Since I have been writing for MusicWeb (a couple of
years) I’ve dealt with Rossini Gala from Decca’s Opera Gala (458 247-2),
a double CD album in DG’s Panorama series (469 193-2) and now this latest
World of Rossini. Since Decca and DG are now in the same stable
it is remarkable how much material is common to at least two out of
three – more than enough to mean that nobody in their right mind would
actually buy more than one of these compilations (and in any case the
idea is surely that purchasers progress through samplers like this to
buying complete operas).
I suppose Decca and DG know what they are doing, yet
they can hardly complain with the one hand that the market for classical
music is going down and down, and then act with the other as though
in the course of a single year (these anthologies have come out one
a year on average) enough new first-time buyers have arrived in the
market place to make another compilation commercially viable (but wouldn’t
these "new" listeners be satisfied with Rossini Gala or the
Panorama album anyway?).
I’m not too sure about the catalogue life of discs
like this and I may be wrong in supposing that a first time buyer is
able to choose between the three; however, the following notes are intended
as a partial survey of the current Rossini compilation situation.
Rossini Gala is all vocal – arias and ensembles. Panorama
have one orchestral disc of overtures and string sonatas (all under
Karajan) and one with fairly substantial excerpts from three operas
(Barbiere and Cenerentola under Abbado, Semiramide under Bonynge) and
the Stabat Mater (Giulini). As you can see, World of Rossini attempts
a listener-friendly sequence by mixing instrumental items among the
arias. Only Rossini Gala has texts and translations; World of Rossini
has a good note by Raymond McGill, Panorama a flippant one entitled
"Fast music and fine food".
Chailly’s performance of the Overture is lively enough
but left me thinking I was maybe not in the mood for Rossini. Hearing
the Abbado version (Panorama) proved that I shall always be in the mood
to hear a performance as refined, pointed and witty as this.
The noisy Nucci/Patané version of "Largo
al factotum" is common to Gala and World; Hermann Prey (Panorama)
sings much better with no less humour, and Abbado’s orchestra provides
plenty of point.
Eight years separate the Berganza/Varviso "Una
voce poco fa" from her remake under Abbado (Panorama). Her voice
and technical accomplishment are equally fine in both and since Varviso,
at least in this instance, is a much more guileful Rossinian than Patané,
there’s not much to choose. She has changed a few things, including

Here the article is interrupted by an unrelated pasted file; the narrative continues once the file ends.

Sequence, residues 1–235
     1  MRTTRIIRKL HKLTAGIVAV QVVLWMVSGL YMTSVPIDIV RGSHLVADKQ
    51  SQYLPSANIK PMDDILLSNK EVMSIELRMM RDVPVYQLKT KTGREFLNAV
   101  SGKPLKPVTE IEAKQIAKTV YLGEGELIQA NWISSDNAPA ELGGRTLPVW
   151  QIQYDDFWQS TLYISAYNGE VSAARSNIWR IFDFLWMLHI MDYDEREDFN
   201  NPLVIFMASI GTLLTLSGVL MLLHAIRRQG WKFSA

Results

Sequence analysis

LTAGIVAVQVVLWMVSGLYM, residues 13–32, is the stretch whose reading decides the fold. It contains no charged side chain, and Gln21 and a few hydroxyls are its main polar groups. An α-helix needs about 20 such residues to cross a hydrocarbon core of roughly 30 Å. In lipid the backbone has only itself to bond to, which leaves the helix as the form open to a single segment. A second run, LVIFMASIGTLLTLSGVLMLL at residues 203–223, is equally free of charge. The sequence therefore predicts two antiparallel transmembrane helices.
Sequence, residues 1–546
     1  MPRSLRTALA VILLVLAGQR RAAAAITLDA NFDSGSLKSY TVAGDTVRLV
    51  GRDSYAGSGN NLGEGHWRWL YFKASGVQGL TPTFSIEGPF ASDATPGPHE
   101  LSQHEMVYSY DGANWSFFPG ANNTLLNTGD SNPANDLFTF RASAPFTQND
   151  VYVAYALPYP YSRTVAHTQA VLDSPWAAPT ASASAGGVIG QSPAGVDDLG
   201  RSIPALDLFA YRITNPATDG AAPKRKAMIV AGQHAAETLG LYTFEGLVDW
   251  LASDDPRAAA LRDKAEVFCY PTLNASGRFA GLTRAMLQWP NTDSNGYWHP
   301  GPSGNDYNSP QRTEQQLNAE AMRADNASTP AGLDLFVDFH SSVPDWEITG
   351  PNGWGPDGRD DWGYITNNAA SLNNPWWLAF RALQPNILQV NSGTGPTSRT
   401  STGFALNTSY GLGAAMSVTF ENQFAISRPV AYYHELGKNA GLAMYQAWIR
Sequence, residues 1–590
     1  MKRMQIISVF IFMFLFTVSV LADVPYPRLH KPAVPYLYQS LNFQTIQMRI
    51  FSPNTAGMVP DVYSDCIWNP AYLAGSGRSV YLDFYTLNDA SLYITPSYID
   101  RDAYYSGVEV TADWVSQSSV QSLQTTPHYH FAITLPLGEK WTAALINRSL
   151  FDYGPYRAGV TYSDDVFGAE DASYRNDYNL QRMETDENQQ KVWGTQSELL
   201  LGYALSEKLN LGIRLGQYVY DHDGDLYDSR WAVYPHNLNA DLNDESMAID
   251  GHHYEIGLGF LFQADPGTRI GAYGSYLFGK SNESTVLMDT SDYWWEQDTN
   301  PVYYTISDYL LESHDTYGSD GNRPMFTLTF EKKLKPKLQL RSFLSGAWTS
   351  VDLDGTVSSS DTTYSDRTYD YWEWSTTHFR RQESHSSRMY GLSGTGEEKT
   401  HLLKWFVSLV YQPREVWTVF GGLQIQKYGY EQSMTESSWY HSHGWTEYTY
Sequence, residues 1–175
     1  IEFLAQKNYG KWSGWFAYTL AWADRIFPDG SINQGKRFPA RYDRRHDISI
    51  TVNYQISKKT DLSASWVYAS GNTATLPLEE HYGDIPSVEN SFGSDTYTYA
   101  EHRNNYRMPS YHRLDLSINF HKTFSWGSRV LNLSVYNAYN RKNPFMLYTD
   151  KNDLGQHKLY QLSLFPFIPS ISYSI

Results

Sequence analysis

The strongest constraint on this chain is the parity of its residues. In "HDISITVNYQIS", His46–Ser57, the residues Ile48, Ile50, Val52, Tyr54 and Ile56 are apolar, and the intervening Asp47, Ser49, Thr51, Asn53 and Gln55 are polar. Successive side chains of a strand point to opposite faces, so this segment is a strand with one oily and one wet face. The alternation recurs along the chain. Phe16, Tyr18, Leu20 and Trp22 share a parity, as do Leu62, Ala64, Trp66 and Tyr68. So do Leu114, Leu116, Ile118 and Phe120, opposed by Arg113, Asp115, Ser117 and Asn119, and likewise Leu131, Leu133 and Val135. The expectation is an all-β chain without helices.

one of the cadenzas, and Abbado has her sing the final page exactly
as written whereas Varviso let her hold her high B for much longer.
On Gala Marilyn Horne goes in for a lot of decoration – at times only
the basic harmonic structure corresponds to the printed page. I’d like
to know more about the philosophy behind this – are they known variants
from Rossini’s time or did the singer (or the conductor, her husband
Henry Lewis) write them? Oddly enough, at the famous "ma",
made so much of by Callas but also by Berganza, Horne has a sudden attack
of "play it as written".
A very pretty piece, played with virtuoso flair by
This is the young Pavarotti and his star quality is
not in doubt. But Dalmacio Gonzales also sings well (Panorama) and his
conductor, Giulini, makes an interesting attempt at finding the religious
character of what can seem (and does under Istvan Kertesz) a march from
a comic opera.
Willow Song (Otello)
A very beautiful piece. June Anderson sings it well,
with a slight touch of swooniness which lends the character an air of
vulnerability. It may seem odd to hear this music first from a soprano
and then from a mezzo (at the same pitch) but Horne (Gala) is something
else again, her rock-steady emission and fascinating, gutsy timbre explaining
why she was one of the great singers of her times. But if you feel that
Rossini’s Desdemona should have at least some character points in common
with Shakespeare’s then you’ll have to prefer Anderson. Horne’s Desdemona
would have been more than a match for Otello, Iago and anyone else you
care to mention.
Sinfonia "di Bologna"
A till-ready introduction leading to a rumty-tum Allegro.
I’d have preferred another aria.
The six extracts from this opera on the Panorama are
from this same Sutherland/Horne/Bonynge set, but only "Bel raggio
… Dolce pensiero" are common to both. Superior singing, particularly
fine in the duet "Serbami … Alle più calde". Gala has
an earlier (1960) Sutherland "Bel raggio … Dolce pensiero".
It’s sung a semitone higher, which seems better suited to the singer
(some enthralling top Es), but I take it Bonynge had some evidence that
Rossini preferred the lower version.
An attractive piece, beautifully handled.
This performance is also on Gala. The version on the
Panorama under Abbado is 13 years more recent. Berganza’s voice still
retained its full bloom and technical armoury; furthermore, the fact
that the later one is from a complete performance means that we get
the various choral interjections and a more "lived in" interpretation
from both singer and conductor.
This time Chailly is not on automatic pilot and conducts
with much wit and point. Karajan (Panorama) finds a gently melancholy
in the woodwind solos and a Beethovenish sense of purpose in the forte
passages. But you might feel that these are not essential qualities
for the job in hand, and some important detail gets lost in a reverberant
acoustic better suited to Bruckner. I prefer Chailly.
Rossini Gala seems to me the best bet of the three
if you’re new to Rossini’s operas but already have some overtures. If
you need a selection of overtures then Panorama is a handy album, but
The World of Rossini certainly has much to be said for it.